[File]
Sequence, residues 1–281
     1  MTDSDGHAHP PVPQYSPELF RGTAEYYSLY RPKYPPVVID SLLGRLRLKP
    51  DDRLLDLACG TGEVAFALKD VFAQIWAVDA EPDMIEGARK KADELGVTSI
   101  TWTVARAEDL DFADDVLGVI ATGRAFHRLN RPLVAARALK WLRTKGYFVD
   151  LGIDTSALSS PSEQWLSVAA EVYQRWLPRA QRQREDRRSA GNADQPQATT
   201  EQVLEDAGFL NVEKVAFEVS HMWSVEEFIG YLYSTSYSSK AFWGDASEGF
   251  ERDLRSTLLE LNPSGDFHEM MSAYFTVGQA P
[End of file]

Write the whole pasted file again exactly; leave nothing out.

Sequence, residues 1–281
     1  MTDSDGHAHP PVPQYSPELF RGTAEYYSLY RPKYPPVVID SLLGRLRLKP
    51  DDRLLDLACG TGEVAFALKD VFAQIWAVDA EPDMIEGARK KADELGVTSI
   101  TWTVARAEDL DFADDVLGVI ATGRAFHRLN RPLVAARALK WLRTKGYFVD
   151  LGIDTSALSS PSEQWLSVAA EVYQRWLPRA QRQREDRRSA GNADQPQATT
   201  EQVLEDAGFL NVEKVAFEVS HMWSVEEFIG YLYSTSYSSK AFWGDASEGF
   251  ERDLRSTLLE LNPSGDFHEM MSAYFTVGQA P